News and Notices

Central Alerting System (CAS) alert - use of portable fans in clinical areas

Use of portable fans in clinical areas

Following a national Central Alerting System (CAS) alert all blade-less portable (Dyson type) fans were found to naturally accumulate dust and debris in the body of the fan providing a reservoir for micro-organisms. Although there is currently no evidence that conventional bladed fans disperse micro-organisms in the same way, NHS Improvement say as a precautionary measure they are being considered equally implicated and consequently, their use within clinical areas needs to be risk assessed.

  • Fans may be required occasionally where the environmental conditions:
    • Are unacceptably hot for the clinician to safely work.
    • Pose a threat to the patient’s wellbeing during treatment e.g. excessive heat.
    • Lead to a medical emergency e.g. where a patient feels faint.
  • Due to the links with healthcare associated infection bladeless (Dyson type) fans cannot be utilised within clinical areas. However existing bladeless fans may be utilised in non-clinical areas only.
  • Only fans that have a cage that can be unclipped to enable cleaning of the blades may be used. Fans that have a cage that is secured by screws should be removed from service and replaced by fans that can be unclipped.
  • Fans must only be used for specific conditions and not be left out in between clinics.
  • Fans must not be positioned to blow air directly over the working area.
  • The individual responsible for the work area must assess the use of fans within their work area against the DCHS generic risk assessment for the use and cleaning of fans. The individual must ensure that the risk assessment is appropriate for their work area, adding any additional information as required. The risk assessment should then be checked and amended as necessary each time cleaning of fans takes place when they are in use.
  • In inpatient areas a risk assessment will also need to be completed with a view to continued use of fans on patients during outbreaks of infections, for e.g. reducing their temperature and managing their comfort.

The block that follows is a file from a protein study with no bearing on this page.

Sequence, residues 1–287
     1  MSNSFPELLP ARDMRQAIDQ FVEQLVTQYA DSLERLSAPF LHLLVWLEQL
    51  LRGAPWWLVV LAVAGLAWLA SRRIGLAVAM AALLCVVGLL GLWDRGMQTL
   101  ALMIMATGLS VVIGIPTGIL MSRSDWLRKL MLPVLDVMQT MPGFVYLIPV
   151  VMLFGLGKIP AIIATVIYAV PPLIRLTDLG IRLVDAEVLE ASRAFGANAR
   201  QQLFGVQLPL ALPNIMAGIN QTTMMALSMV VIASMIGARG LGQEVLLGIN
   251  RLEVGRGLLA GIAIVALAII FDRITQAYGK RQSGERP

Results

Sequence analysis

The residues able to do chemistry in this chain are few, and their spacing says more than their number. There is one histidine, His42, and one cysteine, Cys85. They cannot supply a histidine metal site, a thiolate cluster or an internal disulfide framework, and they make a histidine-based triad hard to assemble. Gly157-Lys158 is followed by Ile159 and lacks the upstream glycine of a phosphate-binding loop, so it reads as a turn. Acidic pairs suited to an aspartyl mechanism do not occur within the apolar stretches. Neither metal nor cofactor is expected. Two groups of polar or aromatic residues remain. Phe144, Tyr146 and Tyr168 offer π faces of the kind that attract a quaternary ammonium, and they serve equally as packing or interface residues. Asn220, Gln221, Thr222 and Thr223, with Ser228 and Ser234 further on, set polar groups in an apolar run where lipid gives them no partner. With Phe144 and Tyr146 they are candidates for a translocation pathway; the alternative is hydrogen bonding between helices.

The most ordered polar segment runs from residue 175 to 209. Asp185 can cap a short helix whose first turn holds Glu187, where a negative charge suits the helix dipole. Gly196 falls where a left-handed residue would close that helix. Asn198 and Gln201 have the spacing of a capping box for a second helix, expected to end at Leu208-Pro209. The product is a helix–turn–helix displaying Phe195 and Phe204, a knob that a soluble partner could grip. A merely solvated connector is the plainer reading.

Cleaning of portable fans

All fans should be on regular cleaning schedules with frequency depending on clinical area.

  • In inpatient areas fans should be allocated to individual patients as required and cleaned at least weekly or before if visibly dirty. They should then be cleaned when the patient is discharged or transferred and this should be documented within the relevant section of the Bed Space Environment Cleaning Transfer/Discharge Checklist.
  • In corridors and other non-clinical areas fans should be unplugged weekly unless visibly dirty and the outer casing cleaned with detergent (Hospec) & water and dried. The outer cage should be unclipped and the blades cleaned with Clinell Universal wipes. This should be recorded on the relevant cleaning schedule.
  • In clinic settings fans should be wiped clean using Clinell Universal Wipes prior to and following each clinic unless visibly dirty, in which case they should be cleaned using the above procedure. This should be recorded on the relevant cleaning schedule.
  • Fans should be cleaned with detergent (Hospec) & water and dried prior to labelling and storing in a clear plastic bag out of the clinical area between use.

     

Posted on behalf of the Infection Prevention and Control Team

DCHST.infectioncontrol@nhs.net